Reasons for the increase in freight rates

The “new normal” has also impacted transportation. At the end of 2020, freight rates skyrocketed, which has never happened before to such an extent. What caused the unprecedented increase in freight rates?

Reasons for the increase in freight rates: how has it changed?

Previously, the cost of shipping a 40-foot-long container by rail from China to Europe was between USD 3,800 and 6,000, and the estimated time of transit was 12 to 18 days. The transportation of the same type of container by sea used to cost USD 800-2,500, and the cargo reached Europe within 32-40 days. When it comes to the volume of 1 CBM (1m3), the costs were as follows:

  • rail freight – USD 100-140 (transit time 12-18 days)
  • sea freight – USD 35-70 (32-40 days)
  • air freight – 1 kg USD 5-12 (3-5 days).

It is how it was in the past. However, the situation has changed dramatically.

Sea freight rates in 2019 and 2020

The graph shows the changes in sea freight rates in 2019 and 2020. It can easily be spotted that the rates in 2020 soared compared to the previous year.

Here are some examples of freight rates between China and the USA/Europe as of December 2020:

  • LCL sea freight, Shanghai – Hamburg, 9.6CBM/1900kg, transit time 41 days, USD 1,890
  • FCL sea freight, Tianjin – Antwerp, 40’HC, transit time 42 days, USD 4,800
  • LCL rail freight, Foshan – Warsaw, 21.29CBM/5008kg, transit time 18 days, USD 3,560
  • FCL rail freight, Yiwu – Hamburg, 40’HC, transit time 22 days, USD 8,390
  • air freight, Yiwu – New Jersey, 0.3CBM/60 kg, transit time 11 days, USD 1,190
  • road freight, Yantai – Warsaw, 40’DV, transit time 16-18 days, USD 25,000.

The rates are exorbitant, sometimes more than 200% higher than usual. They are expected to return to normal levels after the Chinese New Year in March 2021.

The reasons for the increase in freight rates

We showed how freight prices have skyrocketed at the end of 2020. Below are some of the factors that caused the changes.

The outbreak of the COVID-19 pandemic

Since the spring of 2020, the cases of coronavirus have risen rapidly. Due to the pandemic, many importers withheld their plans, which caused a decline in orders from suppliers in China during the summer. It further resulted in a 5-15% decrease in transshipments in European ports in the second and third quarter of 2020.

Importers started catching up, so order volumes and transshipments shoot up in the fourth quarter of 2020. The consequences are delivery delays and congestions, especially in the China-Europe supply chain.

Reduced supply and demand

Due to the decreased interest in transportation services, the supply of maritime owners has also decreased. The ships were docked for the time being.

There is also another aspect to the situation. Reduced demand for imported goods in China has resulted in a shortage of empty containers between China and Europe, and the United States.

Upcoming global economic recovery

The fourth quarter of 2020 and the first quarter of 2021 are a period of reviving economies and increased international trade volumes. Greater demand for transportation services led to the increase in freight rates.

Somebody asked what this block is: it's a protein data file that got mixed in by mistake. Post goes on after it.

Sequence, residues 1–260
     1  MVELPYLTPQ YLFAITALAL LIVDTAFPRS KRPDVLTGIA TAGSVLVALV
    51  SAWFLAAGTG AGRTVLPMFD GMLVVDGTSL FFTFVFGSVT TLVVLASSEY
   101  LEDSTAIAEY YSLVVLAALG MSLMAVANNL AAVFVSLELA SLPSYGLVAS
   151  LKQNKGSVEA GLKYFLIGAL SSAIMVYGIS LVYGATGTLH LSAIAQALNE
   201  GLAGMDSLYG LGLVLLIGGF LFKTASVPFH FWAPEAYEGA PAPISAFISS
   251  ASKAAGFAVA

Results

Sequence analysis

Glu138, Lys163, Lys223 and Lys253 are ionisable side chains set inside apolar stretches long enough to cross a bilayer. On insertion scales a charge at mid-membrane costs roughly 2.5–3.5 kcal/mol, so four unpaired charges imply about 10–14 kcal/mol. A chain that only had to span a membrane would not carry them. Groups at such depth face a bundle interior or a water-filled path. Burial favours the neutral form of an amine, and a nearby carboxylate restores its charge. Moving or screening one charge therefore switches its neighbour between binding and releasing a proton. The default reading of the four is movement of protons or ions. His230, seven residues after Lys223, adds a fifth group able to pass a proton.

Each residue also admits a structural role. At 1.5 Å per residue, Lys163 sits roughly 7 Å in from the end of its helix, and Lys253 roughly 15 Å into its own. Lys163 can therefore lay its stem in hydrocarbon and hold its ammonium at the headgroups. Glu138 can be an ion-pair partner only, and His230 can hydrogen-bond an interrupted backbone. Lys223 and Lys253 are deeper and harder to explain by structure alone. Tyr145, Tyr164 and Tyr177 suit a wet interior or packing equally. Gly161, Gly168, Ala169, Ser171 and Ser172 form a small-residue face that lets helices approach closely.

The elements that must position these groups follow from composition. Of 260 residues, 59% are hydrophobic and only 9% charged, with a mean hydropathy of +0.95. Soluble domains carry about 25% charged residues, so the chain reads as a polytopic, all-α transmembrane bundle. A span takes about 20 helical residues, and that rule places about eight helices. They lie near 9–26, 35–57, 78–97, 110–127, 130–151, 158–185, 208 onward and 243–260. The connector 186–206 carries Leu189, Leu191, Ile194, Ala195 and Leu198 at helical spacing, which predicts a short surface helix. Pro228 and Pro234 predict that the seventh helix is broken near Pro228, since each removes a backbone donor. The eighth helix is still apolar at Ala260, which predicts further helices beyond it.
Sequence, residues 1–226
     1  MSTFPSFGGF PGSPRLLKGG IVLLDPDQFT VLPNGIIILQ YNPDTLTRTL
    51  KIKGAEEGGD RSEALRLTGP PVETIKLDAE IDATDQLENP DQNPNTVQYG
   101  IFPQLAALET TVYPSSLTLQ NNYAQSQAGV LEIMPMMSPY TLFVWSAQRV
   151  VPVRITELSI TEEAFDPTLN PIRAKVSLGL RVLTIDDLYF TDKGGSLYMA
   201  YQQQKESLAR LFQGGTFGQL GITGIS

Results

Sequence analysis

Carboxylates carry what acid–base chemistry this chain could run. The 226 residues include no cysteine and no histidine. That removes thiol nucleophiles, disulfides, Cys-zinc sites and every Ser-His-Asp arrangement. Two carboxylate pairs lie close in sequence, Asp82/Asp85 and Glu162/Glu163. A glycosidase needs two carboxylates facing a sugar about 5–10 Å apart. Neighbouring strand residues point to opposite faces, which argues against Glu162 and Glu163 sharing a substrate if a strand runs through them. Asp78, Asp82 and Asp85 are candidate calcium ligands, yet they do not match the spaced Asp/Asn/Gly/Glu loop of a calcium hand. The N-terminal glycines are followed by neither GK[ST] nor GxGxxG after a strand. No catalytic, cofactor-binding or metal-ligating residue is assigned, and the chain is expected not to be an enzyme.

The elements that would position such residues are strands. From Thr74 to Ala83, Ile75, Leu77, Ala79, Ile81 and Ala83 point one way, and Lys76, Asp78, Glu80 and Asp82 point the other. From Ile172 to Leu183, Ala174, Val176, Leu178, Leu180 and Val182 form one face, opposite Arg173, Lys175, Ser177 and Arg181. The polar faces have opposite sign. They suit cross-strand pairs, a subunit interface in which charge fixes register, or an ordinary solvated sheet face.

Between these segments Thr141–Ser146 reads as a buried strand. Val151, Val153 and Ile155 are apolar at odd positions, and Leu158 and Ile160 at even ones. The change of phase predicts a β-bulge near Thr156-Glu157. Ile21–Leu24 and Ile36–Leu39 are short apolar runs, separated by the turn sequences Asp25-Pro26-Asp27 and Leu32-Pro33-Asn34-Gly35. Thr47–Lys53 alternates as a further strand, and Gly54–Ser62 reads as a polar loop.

Christmas holidays

The period around Christmas is invariably the peak season in the transportation of goods every year. Consumers want to give gifts to their loved ones, so the demand is increasing, especially just before Christmas. This situation always results in congestions and increases in freight rates, but never to the same extent as in 2020.

Chinese New Year

Chinese New Year is a special holiday season in Southeast Asia. This period is usually difficult for entrepreneurs working with Chinese partners. The production in China is halted; therefore, there are no new products shipped. Importers accumulate goods ahead before the Chinese New Year.

In 2021, the Chinese New Year falls on February 12 and will begin the Year of the Ox. Since Lantern Festival is celebrated close to Chinese New Year, for that reason, the downtime could last up to three weeks.

Read about the impact of Chinese holidays on transport from China.

Brexit and its consequences

It is a race against the clock to make it before the unfavorable legislation that comes into force regarding the withdrawal of Great Britain from the European Union. If no conclusion is reached, the exchange of goods from the EU to Great Britain will be classified as import/export, which means implementing customs procedures.

What will 2021 be like?

It is likely that in 2021:

  • There will still be a problem of lack of space for containers onboard ships and other means of transportation, as well as the shortage of empty boxes.
  • The rates will rise until the first weeks of February, after which rates will decrease, but they will still be higher than usual.
  • There will be a pile-up of cargo to be shipped before the Chinese New Year.
  • Some importers will decide to suspend or delay import operations until the rates stabilize.
  • There will be a change in transportation preferences; road freight from China to Europe will gain popularity.
  • The demurrage fee will be increased.
  • An increase in air freight rates will be observed, whereas sea and rail freight rates will be almost the same.

The gradual introduction of vaccines gives hope for the return to the “old normality” in 2021. It would mean economies’ recovery, an increase in both demand and supply, associated with an increase in imports.

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